[Cryptography] A TRNG review per day (week?): ATSHA204A has low entropy

Cox, Landon Landon.Cox at atmel.com
Mon Dec 8 19:52:52 EST 2014

Thanks for posting, Bill.   You are correct, you should always update the seed between wake/sleep power cycles.

I wanted to respond to this further to bring some clarity.  Just to make sure we're all talking about the same thing, the part in question on the Hashlet is ATSHA204, not the ATSHA204A.

On the ATSHA204, the random seed must be updated within the power-cycle (wake to sleep).  The datasheet states that random seed update is needed for highest security.  This is excerpted from the ATSHA204 datasheet, section 8.6.12 Table 8-29, Mode 0 Nonce command:

"Automatically update EEPROM seed only if necessary prior to random number generation.  Recommended for highest security."  And Table 8-34, section 8.6.14, the Random command, says the same thing.  The ATSHA204A datasheet is likewise explicit about highest security random mode.

Updating the seed during the random command after the wakeup is the correct way to use it.  Like any security device, if you use it in a way it's not meant to be used, it can fail.  You must update the seed each power cycle (wake-sleep) on the ATSHA204 for proper operation.  The random number generation is implemented differently in the SHA204A and is not sensitive to this issue.  We recommend always updating the random seed for highest security in any case.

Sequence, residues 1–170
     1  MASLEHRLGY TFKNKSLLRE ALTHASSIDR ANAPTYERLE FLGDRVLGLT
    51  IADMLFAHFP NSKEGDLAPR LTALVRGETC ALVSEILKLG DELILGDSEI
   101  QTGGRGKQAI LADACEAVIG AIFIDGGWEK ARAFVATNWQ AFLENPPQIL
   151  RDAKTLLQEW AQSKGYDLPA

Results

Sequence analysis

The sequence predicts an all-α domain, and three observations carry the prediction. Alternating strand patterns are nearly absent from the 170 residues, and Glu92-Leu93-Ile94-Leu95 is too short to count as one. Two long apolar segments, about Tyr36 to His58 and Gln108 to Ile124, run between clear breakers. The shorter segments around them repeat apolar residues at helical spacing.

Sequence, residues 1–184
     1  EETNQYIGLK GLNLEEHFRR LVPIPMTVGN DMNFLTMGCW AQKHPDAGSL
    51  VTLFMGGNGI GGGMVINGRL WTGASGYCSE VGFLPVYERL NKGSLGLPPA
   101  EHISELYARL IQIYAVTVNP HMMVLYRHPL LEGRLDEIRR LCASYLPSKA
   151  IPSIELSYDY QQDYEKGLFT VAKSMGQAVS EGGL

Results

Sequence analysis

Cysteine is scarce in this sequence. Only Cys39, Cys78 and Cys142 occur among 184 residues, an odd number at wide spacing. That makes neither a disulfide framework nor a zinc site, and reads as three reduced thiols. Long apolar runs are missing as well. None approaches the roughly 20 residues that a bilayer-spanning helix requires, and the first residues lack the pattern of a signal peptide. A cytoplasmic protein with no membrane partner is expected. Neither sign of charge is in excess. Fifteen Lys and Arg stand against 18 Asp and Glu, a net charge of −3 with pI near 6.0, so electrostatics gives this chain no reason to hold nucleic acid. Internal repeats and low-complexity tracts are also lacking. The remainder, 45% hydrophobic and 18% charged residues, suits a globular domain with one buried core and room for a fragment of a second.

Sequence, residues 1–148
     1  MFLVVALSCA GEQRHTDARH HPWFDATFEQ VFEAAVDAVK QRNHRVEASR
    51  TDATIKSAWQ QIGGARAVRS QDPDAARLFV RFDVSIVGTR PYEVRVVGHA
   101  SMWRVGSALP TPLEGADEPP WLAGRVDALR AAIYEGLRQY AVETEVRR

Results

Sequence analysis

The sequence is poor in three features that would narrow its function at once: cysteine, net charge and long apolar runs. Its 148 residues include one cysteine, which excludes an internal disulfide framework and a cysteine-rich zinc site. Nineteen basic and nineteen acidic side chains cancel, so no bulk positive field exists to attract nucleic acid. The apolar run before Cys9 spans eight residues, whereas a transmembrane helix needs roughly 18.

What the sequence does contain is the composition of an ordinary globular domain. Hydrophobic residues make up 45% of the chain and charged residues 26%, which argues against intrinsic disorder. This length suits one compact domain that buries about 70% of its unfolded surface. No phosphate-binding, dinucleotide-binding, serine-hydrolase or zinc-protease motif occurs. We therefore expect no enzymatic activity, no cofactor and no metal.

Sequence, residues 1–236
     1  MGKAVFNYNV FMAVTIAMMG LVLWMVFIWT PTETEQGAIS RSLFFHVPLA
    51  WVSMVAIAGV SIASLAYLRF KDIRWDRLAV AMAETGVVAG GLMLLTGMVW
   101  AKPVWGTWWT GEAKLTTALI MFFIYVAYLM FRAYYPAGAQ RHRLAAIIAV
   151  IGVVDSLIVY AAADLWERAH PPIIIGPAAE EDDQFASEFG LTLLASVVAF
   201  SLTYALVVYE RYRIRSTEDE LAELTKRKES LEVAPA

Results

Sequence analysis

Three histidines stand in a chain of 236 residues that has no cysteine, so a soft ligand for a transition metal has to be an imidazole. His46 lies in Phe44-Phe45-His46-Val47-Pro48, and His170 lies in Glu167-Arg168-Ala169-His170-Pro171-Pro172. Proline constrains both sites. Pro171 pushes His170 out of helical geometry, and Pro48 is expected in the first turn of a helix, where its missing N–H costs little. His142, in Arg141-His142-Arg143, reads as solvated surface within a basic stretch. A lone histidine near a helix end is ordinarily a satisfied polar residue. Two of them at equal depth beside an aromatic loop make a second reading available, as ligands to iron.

This operational principle also applies to the nonce command when not used in a pass-through mode.

The datasheet note about EEPROM wear of the random seed is easy to misinterpret.  If EEPROM is rated for 100,000 write cycles before there might be a single bit error, it's quite likely to be orders of magnitude more writes before a 1-bit retention error occurs.   There are 256 bits in a random seed, so it could be years of write wear after constantly changing the seed in back to back operations, before it would potentially wear to 128 bits of entropy.  Also, the seed is combined with an analog random noise source, so the seed is not the only random source.  Practically speaking, you'll never wear out the seed EEPROM, so always update the random seed after wake.

The ATSHA204 was end-of-life'd 5/16/14 and hasn't been recommended for new designs since then.  The part which superseded the ATSHA204 is ATSHA204A and this behavior has been eliminated entirely.  The ATSHA204A was available for samples 4/25/14 and has been available in production quantities since 7/1/14.   Last sale date of the ATSHA204 was 5/16/14.

The correct way to use the ATSHA204 or ATSHA204A random number generator is:

1)      Wake

2)      Random or Nonce Mode 0 (with seed update)

3)      Additional Random/Nonce Mode 0 commands

4)      Idle or sleep

The chip will know it doesn't need to update the seed at step 3, so passing Mode 0 in all cases is the recommended practice for highest security.

If you have any further questions, by all means contact us through Atmel support channels and we'll work to clarify any issues or answer questions about  the part.

Thanks again, Bill,

Landon Cox
Atmel Crypto App Engineer

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